How speedy this process will be depends on the organisational skills of the new provider.
Q: Is it true that none of the best-rate cash ISAs offer transfers?
A: It is often the case that some of the best-buy cash ISAs don’t accept transfers; if you’re shopping around for a new home for last year’s cash ISA you need to make sure you read the small print before comparing rates.
Q: Will I be charged a penalty for transferring?
A: You shouldn't be charged for transfering your ISA savings. The only penalty is that it takes some time to complete the form and process the transfer.
However, Hagger says that there have been accounts in the past that have required you to give a certain amount of notice before shifting your cash.
Q: Will I earn any interest while the funds are being transferred?
A: Yes, says Thrussell: “The money remains with your existing provider rather than in limbo until it appears in the new account, and it will earn interest, albeit at your old rate, until the new provider receives the money.”
Even if there’s a technical glitch and the money takes months to transfer, you will still be earning interest, though the rate may be pitiful.
Liz Neild, a spokeswoman for M&S Money, says: “As soon as the transfer cheque is received by us, it’s date-stamped and interest is paid from this date.”
Q: How long will the whole process take?
A: It usually takes about a week for transfers to complete. But bear in mind that switching accounts can take longer – up to 30 days – towards the end of the tax year, particularly if you are switching to a popular provider.
Last year saw many ISA providers fumbling in the dark to process ISA transfers, resulting in a nightmare for thousands of investors keen to make the most of their cash. Many waited months to transfer their ISAs to top-paying accounts on offer from high street names such as Barclays. This led to a number of problems, including exclusion from newly expired rates thanks to administrative chaos – and even the threat that the tax-free status on accounts might be lost.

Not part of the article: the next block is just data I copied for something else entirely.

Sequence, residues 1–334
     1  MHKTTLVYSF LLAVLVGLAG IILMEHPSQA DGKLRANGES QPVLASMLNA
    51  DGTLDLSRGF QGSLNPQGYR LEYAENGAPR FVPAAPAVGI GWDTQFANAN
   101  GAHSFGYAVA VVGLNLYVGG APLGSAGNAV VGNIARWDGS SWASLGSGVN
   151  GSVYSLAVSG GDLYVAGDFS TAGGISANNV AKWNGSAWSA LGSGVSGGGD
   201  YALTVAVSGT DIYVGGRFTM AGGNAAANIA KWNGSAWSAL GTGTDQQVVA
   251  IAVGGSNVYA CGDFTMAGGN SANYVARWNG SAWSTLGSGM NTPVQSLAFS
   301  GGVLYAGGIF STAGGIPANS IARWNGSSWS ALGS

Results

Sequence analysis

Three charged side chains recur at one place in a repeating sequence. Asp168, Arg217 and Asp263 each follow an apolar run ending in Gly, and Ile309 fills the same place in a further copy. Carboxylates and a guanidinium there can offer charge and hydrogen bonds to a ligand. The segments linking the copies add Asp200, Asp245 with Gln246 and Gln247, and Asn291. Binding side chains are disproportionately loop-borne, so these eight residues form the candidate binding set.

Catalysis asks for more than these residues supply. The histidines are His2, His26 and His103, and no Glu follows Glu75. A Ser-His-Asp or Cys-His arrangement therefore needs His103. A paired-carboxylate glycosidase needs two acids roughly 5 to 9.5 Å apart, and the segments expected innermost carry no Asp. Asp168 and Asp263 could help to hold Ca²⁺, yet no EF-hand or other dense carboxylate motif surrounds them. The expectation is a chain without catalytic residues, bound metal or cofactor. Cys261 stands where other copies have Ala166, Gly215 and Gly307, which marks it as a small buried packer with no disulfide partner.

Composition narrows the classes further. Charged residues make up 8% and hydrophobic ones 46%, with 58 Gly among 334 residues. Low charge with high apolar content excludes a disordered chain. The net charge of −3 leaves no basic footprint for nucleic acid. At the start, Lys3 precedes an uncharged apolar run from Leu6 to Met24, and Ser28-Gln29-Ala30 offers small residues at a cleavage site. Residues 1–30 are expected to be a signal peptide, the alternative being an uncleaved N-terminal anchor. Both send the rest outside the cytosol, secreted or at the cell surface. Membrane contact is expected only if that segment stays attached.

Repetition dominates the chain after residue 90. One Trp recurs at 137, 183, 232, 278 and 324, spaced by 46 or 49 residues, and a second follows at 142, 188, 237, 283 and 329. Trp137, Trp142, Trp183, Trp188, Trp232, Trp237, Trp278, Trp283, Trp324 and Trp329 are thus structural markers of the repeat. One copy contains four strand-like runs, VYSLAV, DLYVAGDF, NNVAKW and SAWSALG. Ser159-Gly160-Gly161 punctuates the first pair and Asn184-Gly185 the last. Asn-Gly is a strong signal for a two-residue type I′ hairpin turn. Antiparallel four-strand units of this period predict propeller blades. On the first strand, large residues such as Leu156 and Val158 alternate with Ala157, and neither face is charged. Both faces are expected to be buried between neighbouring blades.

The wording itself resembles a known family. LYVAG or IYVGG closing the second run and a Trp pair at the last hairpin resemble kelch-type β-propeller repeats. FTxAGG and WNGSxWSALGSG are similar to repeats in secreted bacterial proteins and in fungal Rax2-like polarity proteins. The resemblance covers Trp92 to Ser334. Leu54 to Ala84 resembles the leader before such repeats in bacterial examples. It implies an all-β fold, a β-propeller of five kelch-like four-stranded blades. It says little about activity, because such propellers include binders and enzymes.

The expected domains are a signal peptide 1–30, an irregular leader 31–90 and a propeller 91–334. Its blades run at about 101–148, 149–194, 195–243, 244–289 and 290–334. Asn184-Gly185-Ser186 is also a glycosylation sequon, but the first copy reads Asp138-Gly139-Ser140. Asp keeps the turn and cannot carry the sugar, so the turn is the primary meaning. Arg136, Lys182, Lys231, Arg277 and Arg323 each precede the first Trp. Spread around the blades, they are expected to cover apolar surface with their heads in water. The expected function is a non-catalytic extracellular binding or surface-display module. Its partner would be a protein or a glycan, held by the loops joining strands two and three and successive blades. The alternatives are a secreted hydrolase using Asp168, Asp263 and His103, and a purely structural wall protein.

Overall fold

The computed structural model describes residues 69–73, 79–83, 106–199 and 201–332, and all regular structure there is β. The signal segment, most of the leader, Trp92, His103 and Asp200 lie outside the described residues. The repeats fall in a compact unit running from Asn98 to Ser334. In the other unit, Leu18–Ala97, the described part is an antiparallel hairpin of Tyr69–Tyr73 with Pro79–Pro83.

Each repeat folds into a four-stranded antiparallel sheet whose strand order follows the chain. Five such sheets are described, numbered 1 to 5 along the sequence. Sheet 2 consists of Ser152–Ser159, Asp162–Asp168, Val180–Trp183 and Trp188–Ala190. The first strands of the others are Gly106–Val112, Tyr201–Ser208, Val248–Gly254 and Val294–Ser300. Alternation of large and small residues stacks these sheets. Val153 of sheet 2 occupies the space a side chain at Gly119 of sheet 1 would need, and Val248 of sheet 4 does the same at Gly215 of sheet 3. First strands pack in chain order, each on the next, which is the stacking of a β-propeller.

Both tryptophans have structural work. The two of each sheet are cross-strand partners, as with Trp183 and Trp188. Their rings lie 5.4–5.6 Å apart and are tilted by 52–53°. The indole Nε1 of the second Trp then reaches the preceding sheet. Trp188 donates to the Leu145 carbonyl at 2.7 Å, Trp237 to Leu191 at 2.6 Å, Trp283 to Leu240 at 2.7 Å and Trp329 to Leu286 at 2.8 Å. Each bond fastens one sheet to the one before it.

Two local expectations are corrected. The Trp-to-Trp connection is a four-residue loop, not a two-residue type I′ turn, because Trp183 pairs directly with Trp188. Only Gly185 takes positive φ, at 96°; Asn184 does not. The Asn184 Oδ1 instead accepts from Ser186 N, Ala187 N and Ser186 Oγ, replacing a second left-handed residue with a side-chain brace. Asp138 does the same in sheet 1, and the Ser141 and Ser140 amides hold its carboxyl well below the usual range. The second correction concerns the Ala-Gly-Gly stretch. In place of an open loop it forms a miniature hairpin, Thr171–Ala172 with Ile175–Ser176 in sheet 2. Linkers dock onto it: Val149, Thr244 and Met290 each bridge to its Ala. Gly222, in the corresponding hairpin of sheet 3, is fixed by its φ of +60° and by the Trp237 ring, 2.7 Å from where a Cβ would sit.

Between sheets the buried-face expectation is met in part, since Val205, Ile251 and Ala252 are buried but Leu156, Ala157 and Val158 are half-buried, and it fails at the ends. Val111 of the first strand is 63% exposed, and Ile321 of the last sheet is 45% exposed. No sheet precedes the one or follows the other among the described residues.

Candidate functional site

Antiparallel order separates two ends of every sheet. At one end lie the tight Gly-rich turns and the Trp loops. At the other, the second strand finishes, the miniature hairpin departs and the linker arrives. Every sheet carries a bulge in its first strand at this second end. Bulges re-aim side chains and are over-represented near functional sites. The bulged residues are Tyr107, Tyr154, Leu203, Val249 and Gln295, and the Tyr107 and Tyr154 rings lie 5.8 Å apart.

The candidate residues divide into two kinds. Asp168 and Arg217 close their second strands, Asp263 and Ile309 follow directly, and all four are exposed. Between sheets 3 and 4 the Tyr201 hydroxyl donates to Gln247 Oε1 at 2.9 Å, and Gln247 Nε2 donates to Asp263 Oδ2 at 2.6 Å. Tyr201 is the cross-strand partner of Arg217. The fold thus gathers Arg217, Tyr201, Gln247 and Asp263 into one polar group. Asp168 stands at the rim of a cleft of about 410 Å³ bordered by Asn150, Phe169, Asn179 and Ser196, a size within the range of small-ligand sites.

In response, the British Bankers' Association introduced a new 23-day target for transfers to complete - it also developed a new electronic system for transfering ISA savings via BACS rather than the 'cheque in the post' method currently used.
So far only a small number of banks have signed up to the electronic scheme, and experts say it will take some time before ISA transfers are speedier for all.
If you do experience problems with your transfers, you can refer your case to the Financial Ombudsman Service, which has pressed providers in the past to compensate customers for severe delays.
Q: With rates being so low on cash ISAs, can I transfer my money into a stocks and shares ISA?
A: When ISAs were first introduced, you couldn’t move money from cash ISAs into stocks and shares ISAs. However, in April 2008 the rules changed and these days you are able to transfer money from a cash ISA into a stocks and shares one.
This means you can start your savings off in a cash ISA and then to roll them over into a stocks and shares ISA when you feel confident that the time is right. Otherwise, if you’re fed up with paltry rates and happy to take some risk for long-term investment purposes, you can move them immediately into the stockmarket.
Unfortunately, this won’t work the other way round, so you can’t move your money back into cash. This means that you should take time to consider your decision – see our checklist below to help make the right choice for you.
Q: Do the same rules apply to stocks and shares ISA transfers and cash ISA transfers?
A: The process of switching between cash and stocks and shares ISAs is similar – just contact the new provider and ask them for the relevant forms.
“You can transfer previous years’ subscriptions to cash ISAs, or stocks and shares ISAs in whole or in part,” says Gavin Haynes, investment director at Whitechurch Securities.
However, he adds: “It’s very important to be aware that once you’ve converted to a stocks and shares ISA you can’t move your money back into a cash ISA in the future.”
If you have built up a nest egg by using your ISA allowance, you may want to move all your holdings under one roof by transferring your money to a fund supermarket. This would make it easier for you to manage your money while still allowing you access to a wide range of investment options.
Q: What are the charges for transferring your stocks and shares ISA?
A: “It’s important to check with your current ISA manager if there are any exit charges when transferring to another provider,” explains Haynes. This will depend upon the fund and provider that you have used.